The Forum for Environment and Development (ForUM) was established in 1993 as a successor organization to the previous Joint Campaign for Environment and Development. While the latter played a major role in preparing and coordinating Norwegian NGOs for the UNCED meeting in Rio, the new organization has a more general and long-term purpose. ForUM is designed as a meeting-place for Norwegian organizations engaged in international environment and development issues. Its goal is to provide up-to-date information on the follow-up processes to the Rio Summit, and to function as a political and professional arena for discussion and the coordination of joint NGO-action. ForUM is at present jointly funded by the Norwegian Ministry of Foreign Affairs and the Ministry for the Environment. It has a permanent staff of 3-4 persons, with an annual budget of approximately US $ 300,000. A large part of ForUM's activity is concentrated in a number of thematic working groups, where NGOs with similar interests coordinate their efforts in relation to different international networks and policy arenas. One of the working groups deals with changing patterns of consumption and this group is presently writing a state of the art document on "Sustainability of the Supermarkets", which was the topic of a seminar held in the autumn of 1993. Another group, working on peace, environment and development, focuses on setting military consumption and pollution on the agenda of national as well as international organisations.. ForUM operates its own "hot line" for current information and periodically publishes its own newsletter, Eco-bulletin.
We, peoples of the North, have tended to consider the population growth in the South as the main problem when it comes to global resource scarcity in the future. The response from the South has very rightfully been to challenge our responsibility in this respect: the consumption problems in the North. To change the established patterns of overconsumption in the North, and the kicking-down effect this has on the elites in the South, will be of pivotal importance in order to reverse the trend of environmental deterioration and to meet the needs of all the people of the Planet Earth. The Norwegian Forum for Environment and Develop-ment considers this to be a priority issue.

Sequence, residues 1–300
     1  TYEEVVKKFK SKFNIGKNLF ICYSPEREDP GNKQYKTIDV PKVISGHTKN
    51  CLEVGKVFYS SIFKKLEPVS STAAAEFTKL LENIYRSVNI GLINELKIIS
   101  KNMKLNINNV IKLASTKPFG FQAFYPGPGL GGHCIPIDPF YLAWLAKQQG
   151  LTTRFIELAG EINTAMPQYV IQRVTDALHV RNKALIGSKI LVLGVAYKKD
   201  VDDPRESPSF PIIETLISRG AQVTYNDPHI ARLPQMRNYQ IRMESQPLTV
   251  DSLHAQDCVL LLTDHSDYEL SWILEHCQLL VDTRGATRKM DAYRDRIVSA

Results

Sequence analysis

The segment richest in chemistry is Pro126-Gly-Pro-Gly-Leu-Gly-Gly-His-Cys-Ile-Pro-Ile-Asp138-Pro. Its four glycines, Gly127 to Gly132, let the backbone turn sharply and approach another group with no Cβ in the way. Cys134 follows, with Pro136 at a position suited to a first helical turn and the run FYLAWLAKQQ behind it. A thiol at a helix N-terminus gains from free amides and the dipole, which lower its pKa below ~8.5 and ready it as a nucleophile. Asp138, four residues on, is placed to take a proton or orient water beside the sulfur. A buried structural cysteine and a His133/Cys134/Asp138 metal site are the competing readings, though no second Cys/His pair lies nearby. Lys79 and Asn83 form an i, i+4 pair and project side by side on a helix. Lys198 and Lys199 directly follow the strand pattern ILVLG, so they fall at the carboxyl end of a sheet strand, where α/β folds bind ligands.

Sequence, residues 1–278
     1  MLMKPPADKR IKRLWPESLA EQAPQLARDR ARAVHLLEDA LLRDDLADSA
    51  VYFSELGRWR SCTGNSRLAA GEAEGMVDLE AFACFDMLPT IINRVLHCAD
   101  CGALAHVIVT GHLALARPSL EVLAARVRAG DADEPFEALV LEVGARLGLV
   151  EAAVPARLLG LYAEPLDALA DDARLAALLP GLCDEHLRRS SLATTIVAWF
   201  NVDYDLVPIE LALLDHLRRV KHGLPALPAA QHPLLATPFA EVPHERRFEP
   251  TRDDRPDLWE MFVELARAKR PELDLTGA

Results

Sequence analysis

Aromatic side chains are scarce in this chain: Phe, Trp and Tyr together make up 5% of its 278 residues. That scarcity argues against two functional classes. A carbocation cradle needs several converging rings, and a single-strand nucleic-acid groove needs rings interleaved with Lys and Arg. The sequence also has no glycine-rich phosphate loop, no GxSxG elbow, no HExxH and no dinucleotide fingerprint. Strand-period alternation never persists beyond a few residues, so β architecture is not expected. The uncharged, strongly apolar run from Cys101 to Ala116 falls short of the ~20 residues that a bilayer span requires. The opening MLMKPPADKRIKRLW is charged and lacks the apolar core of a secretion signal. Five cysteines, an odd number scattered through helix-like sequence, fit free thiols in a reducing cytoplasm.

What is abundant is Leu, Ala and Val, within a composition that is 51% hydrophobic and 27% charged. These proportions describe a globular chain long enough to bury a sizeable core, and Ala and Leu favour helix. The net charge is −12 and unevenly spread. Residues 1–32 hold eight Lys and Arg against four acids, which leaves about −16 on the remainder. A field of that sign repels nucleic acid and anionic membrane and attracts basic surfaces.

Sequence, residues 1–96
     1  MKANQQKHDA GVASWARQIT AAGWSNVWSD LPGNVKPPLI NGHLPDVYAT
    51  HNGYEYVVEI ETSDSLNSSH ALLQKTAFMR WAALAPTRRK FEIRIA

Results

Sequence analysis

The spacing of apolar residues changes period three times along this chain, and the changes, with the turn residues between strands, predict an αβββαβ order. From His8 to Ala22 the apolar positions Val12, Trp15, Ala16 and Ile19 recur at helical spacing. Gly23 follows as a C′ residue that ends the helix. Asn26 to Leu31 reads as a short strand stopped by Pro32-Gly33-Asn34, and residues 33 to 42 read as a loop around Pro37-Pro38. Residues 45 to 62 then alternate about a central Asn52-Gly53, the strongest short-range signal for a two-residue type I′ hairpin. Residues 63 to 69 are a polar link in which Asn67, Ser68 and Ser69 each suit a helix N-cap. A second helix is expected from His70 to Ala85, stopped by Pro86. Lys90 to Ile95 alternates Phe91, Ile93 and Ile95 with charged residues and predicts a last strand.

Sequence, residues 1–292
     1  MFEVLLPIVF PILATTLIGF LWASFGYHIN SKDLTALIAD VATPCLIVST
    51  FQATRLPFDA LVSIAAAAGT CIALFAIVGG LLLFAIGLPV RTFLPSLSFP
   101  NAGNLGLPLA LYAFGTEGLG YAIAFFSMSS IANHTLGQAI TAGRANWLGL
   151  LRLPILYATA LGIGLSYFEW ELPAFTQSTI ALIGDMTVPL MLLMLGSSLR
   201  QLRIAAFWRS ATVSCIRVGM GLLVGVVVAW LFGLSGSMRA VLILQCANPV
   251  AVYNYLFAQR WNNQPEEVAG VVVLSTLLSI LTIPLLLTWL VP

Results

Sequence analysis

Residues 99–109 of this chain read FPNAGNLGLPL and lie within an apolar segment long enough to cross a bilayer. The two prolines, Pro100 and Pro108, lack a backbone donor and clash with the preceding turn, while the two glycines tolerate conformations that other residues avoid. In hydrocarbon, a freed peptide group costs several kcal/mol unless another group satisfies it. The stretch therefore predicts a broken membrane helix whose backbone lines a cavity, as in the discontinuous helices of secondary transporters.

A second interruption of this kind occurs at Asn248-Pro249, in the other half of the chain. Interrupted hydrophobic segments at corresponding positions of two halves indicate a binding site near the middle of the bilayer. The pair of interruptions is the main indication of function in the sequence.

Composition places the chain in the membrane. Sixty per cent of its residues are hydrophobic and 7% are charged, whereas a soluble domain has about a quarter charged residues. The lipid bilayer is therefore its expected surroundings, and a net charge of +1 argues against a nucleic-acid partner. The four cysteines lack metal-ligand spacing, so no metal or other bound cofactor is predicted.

This paper, which is written for ForUM, aims at outlining a strategy for action in the industrialized countries in order to reach the required changes in consumption patterns. As ForUM has been an active participant in the international NGO discussions on this issue, the analysis and the proposals presented here are to a large extent based on these previous discussions. Of key importance here are the Agenda Ya Wananchi, adopted at the NGO conference in Paris in 1991; the Alternative Treaty On Consumption and Lifestyle, drafted by the NGO's in Rio in 1992; and the most recent recommendations from the Down to Earth conference in Copenhagen in December 1993.
The presentation of the concept of "environmental space", draws heavily on the work done by "Friends of the Earth" (Milieudefensie) - in the Netherlands.
The UN Conference on Environment and Development (UNCED) identified unsustainable consumption patterns in the North as a major threat to the global environment. Despite this, the industrialized countries continue to pursue policies encouraging con-sumption patterns which widen the gap between the North and the South, clearly representing a threat to future generations.